NPAD should cut its losses

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NPAD should cut its losses

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Kim Jong-soo

Stacks of bills related to the economy and livelihoods of people have been gathering dust, held hostage by never-ending partisan wrangling over a special law to investigate the Sewol ferry sinking. Choi Kyung-hwan, deputy prime minister for economy, on Tuesday issued a public statement to emphasize that the economy could be in jeopardy if lawmakers do not pass laws to resuscitate it through various policy changes and incentives. At the same time, the New Politics Alliance for Democracy made a public statement in front of the National Assembly declaring it will boycott the entire legislative agenda and protest outside the building until President Park Geun-hye and the ruling Saenuri Party comply with demands from bereaved families and relatives of victims lost in the Sewol tragedy. From the looks of the hostility and gridlock, there is no hope the necessary laws for economic revival will pass the National Assembly anytime soon.

But one has to wonder. For what and for whom is the main opposition fighting? The NPAD claims it will continue with its protest until it can be sure that the truth behind the sinking of the ferry and why so many lives were lost can is known. But the causes of the ferry’s sinking and sloppy rescue operation already are, more or less, known. So are the irregularities and corruption of the ferry operator Chonghaeejin and the dubious family empire of owner Yoo Byung-eun. Prosecutor investigations have progressed far enough and trials are ongoing for the captain and crew who left passengers on the ferry without evacuation orders. Still in need of clarification are the mishandling of the aftermath and botched responses from the government and president. Incompetence and lack of responsiveness on the part of the administration have been criticized repeatedly. Extra information might be dug up through additional questioning. Both the Blue House and Saenuri Party have reiterated that they will cooperate fully with the investigation stipulated by the special law. The ruling and opposition parties have debated the details of the law and revised it twice.

The NPAD reversed its course after families of victims refused to go along with the bipartisan legislation. It proposed a tripartite meeting for renegotiation among representatives of the two parties and families. The Blue House said it wouldn’t get involved since it was a legislative matter and the Saenuri Party rejected a renegotiation. Both the Blue House and Saenuri Party can claim they have done what they could. It was the NPAD that twice overturned agreed-upon terms and then came up with an alternative proposal unacceptable to the government. The NPAD is undermining its own authority as the main opposition by running to the victim families for approval and breaking agreements because they were rejected by the families. Now it plans to join families to rally against the government. Does the issue really require lawmakers to abandon their jobs and instead hit the streets to protest?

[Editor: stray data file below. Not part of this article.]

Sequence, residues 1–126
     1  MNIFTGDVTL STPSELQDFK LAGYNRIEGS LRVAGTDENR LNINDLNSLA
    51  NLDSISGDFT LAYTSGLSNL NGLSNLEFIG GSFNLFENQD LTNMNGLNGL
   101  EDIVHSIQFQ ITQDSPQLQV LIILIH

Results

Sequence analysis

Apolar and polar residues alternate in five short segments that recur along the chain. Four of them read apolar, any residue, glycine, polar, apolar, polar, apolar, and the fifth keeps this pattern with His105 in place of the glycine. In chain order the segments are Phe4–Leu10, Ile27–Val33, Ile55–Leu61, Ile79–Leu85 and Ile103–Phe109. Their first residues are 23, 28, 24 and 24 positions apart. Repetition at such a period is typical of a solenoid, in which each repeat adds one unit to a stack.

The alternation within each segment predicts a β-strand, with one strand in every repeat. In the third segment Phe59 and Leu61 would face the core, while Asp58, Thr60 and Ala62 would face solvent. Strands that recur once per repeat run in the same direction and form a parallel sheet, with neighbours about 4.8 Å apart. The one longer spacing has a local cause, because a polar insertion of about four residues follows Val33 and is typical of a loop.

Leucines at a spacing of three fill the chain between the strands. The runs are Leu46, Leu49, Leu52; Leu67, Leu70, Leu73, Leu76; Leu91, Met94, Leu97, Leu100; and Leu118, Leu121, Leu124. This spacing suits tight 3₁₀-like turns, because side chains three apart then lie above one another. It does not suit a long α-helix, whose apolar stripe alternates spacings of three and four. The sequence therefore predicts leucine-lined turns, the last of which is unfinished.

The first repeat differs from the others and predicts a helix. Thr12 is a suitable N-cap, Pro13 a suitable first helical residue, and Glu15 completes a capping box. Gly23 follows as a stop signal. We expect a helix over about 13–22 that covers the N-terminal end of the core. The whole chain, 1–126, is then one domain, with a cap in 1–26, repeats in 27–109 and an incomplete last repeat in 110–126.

The party has lost its way since it focused on attacking the government over the Sewol crisis during the campaign leading up to July 30 by-elections. It was dismally defeated by the ruling party. The people sent a clear message that they want the economy revived more than uncovering political culprits in the ferry disaster. They had grown impatient with a tragedy being abused as a political vendetta. Judgment and accountability for the Sewol must have the empathy and support of the public. If the people believe the blame-game has gone too far, the truth-finding campaign could lose steam. The NPAD is taking a huge chance by abandoning much-delayed lawmaking work that would affect the majority of the population to protest on behalf of victim families.

The economy cannot suddenly pick up just because bills are passed and laws enacted in August. At the same time, the economy won’t suddenly break down because of legislative delays. But the opposition party will be complicit if the economy recedes in the second half of the year. In fact, it could be doing the government and ruling party a favor by walking out.

A TV advertisement warns “You end up losing no matter whether you win or not” when you place bets on illegal sports gambling. The NPAD is gambling on a game that it will end up losing whichever way. It should have learned something from the results of the last election. The party does not clearly explain why it is risking so much with its reckless boycott and protest.

Perhaps, the NPAD believes it cannot backtrack now. But now is the best time to the best time to make up for the losses. Stop loss can be a wise stock investment move for investors to cut their losses. The NPAD must stop its vain gambling and return to its original role of representing the people. We do not wish to see the main opposition party sink. It must first cooperate with the ruling party on the urgent economy-related laws. Then it will have a better reason to attack the government and ruling party if the economy does not pick up. If the economy improves, people’s lives will get better. If not, it can better persuade the people to judge the government. The NPAD must find its way out of the mess it created.

JoongAng Ilbo, Aug. 27, Page 32

*The author is an editorial writer of the JoongAng Ilbo.

BY Kim Jong-soo
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